Sermon – Year B Proper 15/Feast Day of Jonathan Myrick Daniels
Propers: 15 B – 1Kings 2:10-12; 3:3-14; Psalm 111; Ephesians 5:15-20; John 6:51-58
For Jonathan Daniels Proverbs 4: 20-27; Psalm 85: 7-13; Galatians 3:22-28 & Luke 1:46-55
Were we to follow today’s proper lectionary scripture selections, we would find that in our reading from Kings, our Psalm and our Epistle, “one word” (as our own Martha Bourlakas would invite us to ponder) would be wisdom.
And, as we are following the feast day of Jonathan Myrick Daniels today, we would hear from the book of Proverbs that essentially to listen for God’s wisdom and then do not turn to the right or to the left … to continue on that path that God has chosen for us. “Keep your heart with all vigilance, for from it flow the springs of life. Put away from you crooked speech, and put all devious talk far from you. Let your eyes look directly forward and your gaze be straight before you.” (Proverbs 2: 23-25).#
For Jonathan Myrick Daniels Feast Day the Epistle is Galatians 3: 28 and 29. “There is no longer slave or free, there is no longer male and female; for all of you are one in Christ Jesus. And if you belong to Christ, then you are Abraham’s offspring, heirs according to the promise.”
And the Gospel for his feast day is the Magnificat as cited in the Gospel of Luke.
Who is this Jonathan Myrick Daniels? And why has the Episcopal Church given him a feast day?
One might simply say that he is a modern-day martyr … a person of strong beliefs … one who walked his talk. And walk he did.
His life actually began in 1939 in Keene, New Hampshire. Ultimately he graduated from Harvard. His life, to that point, was a constant searching for the meaning of life, death and vocation. It was a struggle for him to choose between medicine, ordination, law and writing. He actually came to Lexington, Virginia and graduated from VMI (Virginia Military Institute) prior to enrolling at Harvard to study English Literature. At one point he was on the edge of losing faith when he was touched by God. The day was Easter, 1962. Place: Church of the Advent in Boston. He immediately became a seminarian at ETS (Episcopal Theological School) in Cambridge, Massachusetts.
His soul was moved yet again by a television appeal from Dr. Martin Luther King, Jr, to come to Selma to secure the right to vote for all citizens. (Interestingly, a day of remembrance for all again this past week.) Jonathan then took a leave from seminary to go to Selma, under the sponsorship of the then Episcopal Society for Cultural and Racial Unity, along with several of his classmates and others. As the words of the Magnificat instilled in him new insights he said “I knew that I must go to Selma. The Virgin’s song was to grow more and more dear to me in the weeks ahead.”1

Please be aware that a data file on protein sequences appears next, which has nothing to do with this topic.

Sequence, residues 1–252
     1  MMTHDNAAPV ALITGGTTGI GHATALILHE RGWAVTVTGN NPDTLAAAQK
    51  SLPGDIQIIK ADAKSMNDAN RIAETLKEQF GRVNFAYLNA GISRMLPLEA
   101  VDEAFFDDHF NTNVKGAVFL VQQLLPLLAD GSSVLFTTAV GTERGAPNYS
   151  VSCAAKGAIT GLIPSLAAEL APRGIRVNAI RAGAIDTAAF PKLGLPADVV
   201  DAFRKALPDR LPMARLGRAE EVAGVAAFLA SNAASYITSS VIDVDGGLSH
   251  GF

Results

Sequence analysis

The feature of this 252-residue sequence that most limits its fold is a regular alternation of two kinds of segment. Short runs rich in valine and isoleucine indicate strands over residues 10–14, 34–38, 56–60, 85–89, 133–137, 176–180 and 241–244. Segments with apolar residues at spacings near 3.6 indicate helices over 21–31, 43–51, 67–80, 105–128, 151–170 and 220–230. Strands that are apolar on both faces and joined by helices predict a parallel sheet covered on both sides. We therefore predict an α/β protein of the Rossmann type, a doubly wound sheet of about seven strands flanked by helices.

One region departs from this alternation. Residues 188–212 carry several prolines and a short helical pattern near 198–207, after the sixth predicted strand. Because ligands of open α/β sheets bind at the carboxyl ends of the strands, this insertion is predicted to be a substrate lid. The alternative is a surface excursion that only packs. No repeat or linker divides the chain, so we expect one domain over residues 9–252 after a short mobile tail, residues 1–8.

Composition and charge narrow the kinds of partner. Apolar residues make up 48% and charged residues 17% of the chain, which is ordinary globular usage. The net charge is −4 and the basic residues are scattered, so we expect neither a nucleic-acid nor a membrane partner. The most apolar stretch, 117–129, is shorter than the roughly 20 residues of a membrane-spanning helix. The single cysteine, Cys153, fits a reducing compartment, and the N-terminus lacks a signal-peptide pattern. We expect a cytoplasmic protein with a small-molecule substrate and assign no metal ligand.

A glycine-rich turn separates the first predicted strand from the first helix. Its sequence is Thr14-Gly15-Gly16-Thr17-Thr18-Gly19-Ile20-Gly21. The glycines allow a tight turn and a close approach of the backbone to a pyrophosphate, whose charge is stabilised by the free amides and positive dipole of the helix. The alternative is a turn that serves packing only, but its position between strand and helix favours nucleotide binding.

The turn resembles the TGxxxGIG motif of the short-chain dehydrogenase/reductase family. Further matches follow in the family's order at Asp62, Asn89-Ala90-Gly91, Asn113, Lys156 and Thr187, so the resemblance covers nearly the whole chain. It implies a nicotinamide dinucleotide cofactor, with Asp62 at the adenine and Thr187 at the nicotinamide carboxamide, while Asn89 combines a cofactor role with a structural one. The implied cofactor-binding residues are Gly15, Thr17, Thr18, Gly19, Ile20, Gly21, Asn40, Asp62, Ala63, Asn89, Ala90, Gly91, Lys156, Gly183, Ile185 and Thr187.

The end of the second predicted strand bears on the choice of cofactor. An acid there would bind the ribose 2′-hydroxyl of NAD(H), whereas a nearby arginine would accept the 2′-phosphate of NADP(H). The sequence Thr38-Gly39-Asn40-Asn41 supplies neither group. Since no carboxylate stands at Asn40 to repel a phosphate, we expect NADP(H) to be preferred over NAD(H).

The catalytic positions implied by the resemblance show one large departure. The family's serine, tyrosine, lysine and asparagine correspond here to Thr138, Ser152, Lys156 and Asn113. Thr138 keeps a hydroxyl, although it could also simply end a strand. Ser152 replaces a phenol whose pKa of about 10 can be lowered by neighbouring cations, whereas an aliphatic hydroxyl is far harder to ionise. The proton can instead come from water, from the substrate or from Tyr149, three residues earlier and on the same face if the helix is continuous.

On August 14, he, along with his companions were jailed. Unexpectedly they were released on that same day. Four of them left the jail and walked over to a small store. Sixteen year old Ruby Sales reached the top step of the entrance to the store, where a man with a gun appeared, cursing at her. Jonathan then pulled her to one side to shield her from the threats.
Jonathan was killed by a blast from the 12-gauge gun.
He gave his life to protect another.
The profound effects of Selma left their mark in his writings. He says, “The doctrine of the creeds, the enacted faith of the sacraments, were the essential preconditions of the experience itself. The faith with which I went to Selma has not changed: it has grown … I began to know in my bones and sinews that I had been truly baptized into the Lord’s death and resurrection … with them, the black men and the white men, with all of life, in him whose Name is above all the names that the races and nations shout … We are indelibly and unspeakably one.”2
Jonathan never made it to priesthood…but clearly heard God’s call and was where he was supposed to be doing God’s work. Ruby Sales, the teen whose life he saved, completed that task for him. She went on to seminary. Yes, she went on to attend Episcopal Theological School (now Episcopal Divinity School). She works as a human rights advocate in Washington, D.C. and founded an inner-city mission dedicated to Daniels. 3
Also, in his memory, several of his classmates from VMI meet annually on this day and march to follow his footsteps in Haynesville, Alabama, where he was brutally shot.#
How very poignant his story as we experience a resurgence of the very things for which he fought.#
Wisdom … the body of Christ … loving our neighbor … knowing that we are all part of the same human family and are equally loved by the one who loves us all. Knowing God, through the example of the presence … the bread and wine … that we, too, are to stand for righteousness, no matter what.
How do we … can we … will we … go forth this morning, embodying that which we have heard in our heads, felt it in our hearts and then use head, heart, hands and feet to serve, like Jonathan … and as Christ has taught us?
The seed is planted … God invites and God will be with us and, God willing, we, too, can achieve Kingdom living here on earth.
Let us pray:
O God of justice and compassion, you put down the proud and mighty from their place, and lift up the poor and the afflicted: We give you thanks for your faithful witness Jonathan Myrick Daniels, who, in the midst of injustice and violence, risked and gave his life for another; and we pray that we, following his example, may make no peace with oppression; through Jesus Christ the just one, who lives and reigns with you and the Holy Spirit, one God, for ever and ever. Amen.4
1 Compilation of authors; Holy Women, Holy Men – Celebrating the Saints, Chuch Publishing, Inc., NY, NY, 2010, p. 526.
2 Ibid, p. 526.
4 Compilation of authors; Holy Women, Holy Men – Celebrating the Saints, Church Publishing, Inc., NY, NY, 2010, p. 527.